Argh! Boise has done exactly one thing to warrant the #5 spot they're in this year: beat Oregon. At the end of the year they will have done exactly one thing to warrant whatever spot they finish in: beat Oregon. The scare quotes around "deserving" are amongst the most idiotic in the history of the rhetorical device. They prioritize the uninformed opinions of writers and people who don't even watch Boise play over things that happen on the field. Boise has no right to the national championship game and if they make it there it will be a travesty that will further convince everyone else to never schedule anyone in the nonconference. Braves and Birds has more on this travesty.
Mandel's the same guy who used to vote WVU up high specifically because he thought the 'Eers had an easy schedule, and now he's justifying the placement of Boise high up as if that's some sort of birthright. This man had an AP ballot. ARGH!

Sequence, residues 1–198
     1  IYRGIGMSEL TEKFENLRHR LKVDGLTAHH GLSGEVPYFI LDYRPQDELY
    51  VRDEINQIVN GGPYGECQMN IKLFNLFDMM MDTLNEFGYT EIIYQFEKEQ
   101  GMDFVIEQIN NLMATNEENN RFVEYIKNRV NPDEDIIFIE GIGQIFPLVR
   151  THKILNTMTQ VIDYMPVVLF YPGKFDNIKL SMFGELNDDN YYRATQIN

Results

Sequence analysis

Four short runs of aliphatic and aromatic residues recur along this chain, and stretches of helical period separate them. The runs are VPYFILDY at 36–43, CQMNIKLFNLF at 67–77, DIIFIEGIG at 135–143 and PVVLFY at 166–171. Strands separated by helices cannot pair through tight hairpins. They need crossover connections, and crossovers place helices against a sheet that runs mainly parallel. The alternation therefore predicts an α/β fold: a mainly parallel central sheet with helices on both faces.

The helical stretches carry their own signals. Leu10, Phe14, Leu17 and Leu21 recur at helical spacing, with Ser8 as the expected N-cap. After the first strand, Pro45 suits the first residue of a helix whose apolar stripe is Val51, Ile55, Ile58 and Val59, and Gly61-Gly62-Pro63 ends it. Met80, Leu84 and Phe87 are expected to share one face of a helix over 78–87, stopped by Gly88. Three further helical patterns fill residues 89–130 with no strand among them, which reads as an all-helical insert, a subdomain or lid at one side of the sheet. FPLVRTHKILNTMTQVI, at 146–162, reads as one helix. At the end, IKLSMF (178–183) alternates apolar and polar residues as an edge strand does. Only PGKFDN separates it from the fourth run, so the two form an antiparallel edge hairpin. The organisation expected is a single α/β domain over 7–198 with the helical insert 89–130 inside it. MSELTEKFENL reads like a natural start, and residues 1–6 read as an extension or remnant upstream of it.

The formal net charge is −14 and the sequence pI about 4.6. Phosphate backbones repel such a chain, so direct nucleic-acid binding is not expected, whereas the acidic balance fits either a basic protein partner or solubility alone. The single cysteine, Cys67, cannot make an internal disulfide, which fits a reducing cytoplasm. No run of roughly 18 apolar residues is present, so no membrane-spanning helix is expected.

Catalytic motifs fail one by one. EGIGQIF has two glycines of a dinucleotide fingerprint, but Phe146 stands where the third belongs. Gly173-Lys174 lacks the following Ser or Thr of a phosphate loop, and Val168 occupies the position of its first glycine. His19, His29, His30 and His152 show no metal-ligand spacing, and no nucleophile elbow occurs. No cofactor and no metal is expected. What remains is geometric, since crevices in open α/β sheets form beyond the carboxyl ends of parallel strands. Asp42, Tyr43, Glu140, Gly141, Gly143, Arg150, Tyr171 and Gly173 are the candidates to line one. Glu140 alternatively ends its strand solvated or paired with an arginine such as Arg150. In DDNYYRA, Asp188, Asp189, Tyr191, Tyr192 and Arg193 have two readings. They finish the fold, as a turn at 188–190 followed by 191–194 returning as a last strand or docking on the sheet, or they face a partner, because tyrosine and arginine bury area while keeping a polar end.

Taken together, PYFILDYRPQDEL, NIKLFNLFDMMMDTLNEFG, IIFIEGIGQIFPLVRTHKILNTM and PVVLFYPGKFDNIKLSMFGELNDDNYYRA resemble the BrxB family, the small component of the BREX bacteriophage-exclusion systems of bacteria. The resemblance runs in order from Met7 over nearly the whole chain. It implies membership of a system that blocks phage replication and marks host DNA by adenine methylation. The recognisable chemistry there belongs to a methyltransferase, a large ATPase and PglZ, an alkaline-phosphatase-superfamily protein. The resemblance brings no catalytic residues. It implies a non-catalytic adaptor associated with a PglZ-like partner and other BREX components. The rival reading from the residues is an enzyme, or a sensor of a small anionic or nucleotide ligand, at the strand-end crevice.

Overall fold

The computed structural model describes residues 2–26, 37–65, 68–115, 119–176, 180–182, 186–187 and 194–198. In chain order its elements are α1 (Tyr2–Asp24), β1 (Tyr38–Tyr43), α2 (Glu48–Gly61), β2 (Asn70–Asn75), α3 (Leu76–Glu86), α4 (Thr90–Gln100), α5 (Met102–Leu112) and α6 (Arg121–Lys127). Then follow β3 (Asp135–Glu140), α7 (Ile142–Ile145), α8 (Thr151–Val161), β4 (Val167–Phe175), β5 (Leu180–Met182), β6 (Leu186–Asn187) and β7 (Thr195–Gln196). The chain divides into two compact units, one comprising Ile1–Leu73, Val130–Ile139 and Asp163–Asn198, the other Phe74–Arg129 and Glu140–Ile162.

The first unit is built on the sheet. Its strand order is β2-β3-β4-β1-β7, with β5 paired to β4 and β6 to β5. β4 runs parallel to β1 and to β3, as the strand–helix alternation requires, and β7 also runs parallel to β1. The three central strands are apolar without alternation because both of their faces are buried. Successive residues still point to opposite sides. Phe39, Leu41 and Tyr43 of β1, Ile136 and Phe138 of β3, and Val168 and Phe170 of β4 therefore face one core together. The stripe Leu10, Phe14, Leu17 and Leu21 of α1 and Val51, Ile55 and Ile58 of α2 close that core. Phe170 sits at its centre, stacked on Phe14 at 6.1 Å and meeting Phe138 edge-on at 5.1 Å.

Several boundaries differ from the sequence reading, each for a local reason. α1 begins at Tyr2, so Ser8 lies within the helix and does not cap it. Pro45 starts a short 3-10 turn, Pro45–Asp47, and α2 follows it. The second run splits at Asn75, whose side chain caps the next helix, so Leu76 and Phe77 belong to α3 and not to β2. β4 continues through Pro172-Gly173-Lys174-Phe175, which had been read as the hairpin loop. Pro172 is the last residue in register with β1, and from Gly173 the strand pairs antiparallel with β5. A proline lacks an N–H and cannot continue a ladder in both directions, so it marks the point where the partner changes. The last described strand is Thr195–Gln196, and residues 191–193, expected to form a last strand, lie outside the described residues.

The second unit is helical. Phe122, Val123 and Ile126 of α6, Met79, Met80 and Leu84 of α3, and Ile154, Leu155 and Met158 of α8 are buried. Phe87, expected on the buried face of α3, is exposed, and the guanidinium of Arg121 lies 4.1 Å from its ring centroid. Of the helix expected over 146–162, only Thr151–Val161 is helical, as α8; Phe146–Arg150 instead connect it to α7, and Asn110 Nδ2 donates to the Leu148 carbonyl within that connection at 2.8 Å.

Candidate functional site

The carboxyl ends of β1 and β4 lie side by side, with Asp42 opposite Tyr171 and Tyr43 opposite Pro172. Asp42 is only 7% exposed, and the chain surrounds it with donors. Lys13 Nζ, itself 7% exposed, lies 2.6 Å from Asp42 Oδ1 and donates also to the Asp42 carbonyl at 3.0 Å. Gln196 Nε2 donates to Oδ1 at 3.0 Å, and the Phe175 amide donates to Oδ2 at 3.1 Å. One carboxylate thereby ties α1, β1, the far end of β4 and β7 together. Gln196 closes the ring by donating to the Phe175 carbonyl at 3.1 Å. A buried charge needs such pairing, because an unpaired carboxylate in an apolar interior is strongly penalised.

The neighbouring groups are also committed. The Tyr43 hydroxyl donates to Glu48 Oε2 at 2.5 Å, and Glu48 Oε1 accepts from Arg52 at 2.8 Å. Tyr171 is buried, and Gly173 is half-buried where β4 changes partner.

This is not going in the hype video. Rumeal Robinson is in some legal trouble of a horrifying variety:
Helen Ford has been known in the Cambridge community as a woman with a big heart and open arms for numerous foster children. But she never expected that one of her adopted sons, former NBA basketball player Rumeal Robinson, would play a part in evicting her from the place she called home for more than 30 years.
Robinson was arrested by the FBI for bank fraud, bank bribery, wire fraud, and a lot of other nasty stuff. Sounds like things went sour for him after his… NBA career. Insert typical middle-aged white sportswriter 600 words about how the young folk can't keep their money on their mind. I'm at a loss; the NBA should just hire someone to show up at every player's house every two months to slap them and scream "FIRE YOUR ENTOURAGE AND GET A SAVINGS ACCOUNT." Probably Charles Oakley if the NBA would like their guy to remain alive.
Side note: the picture of this woman painted in the comments is vastly different than the one painted by the article, with multiple commenters offering up various serious-seeming stories about her Not Being Very Nice. Not that that would excuse anything that's been alleged here, obviously.
Spot on. We had a photoshop of Mark Dantonio as Rodney Dangerfield, and I feel another coming on in the event of a Michigan win on Saturday: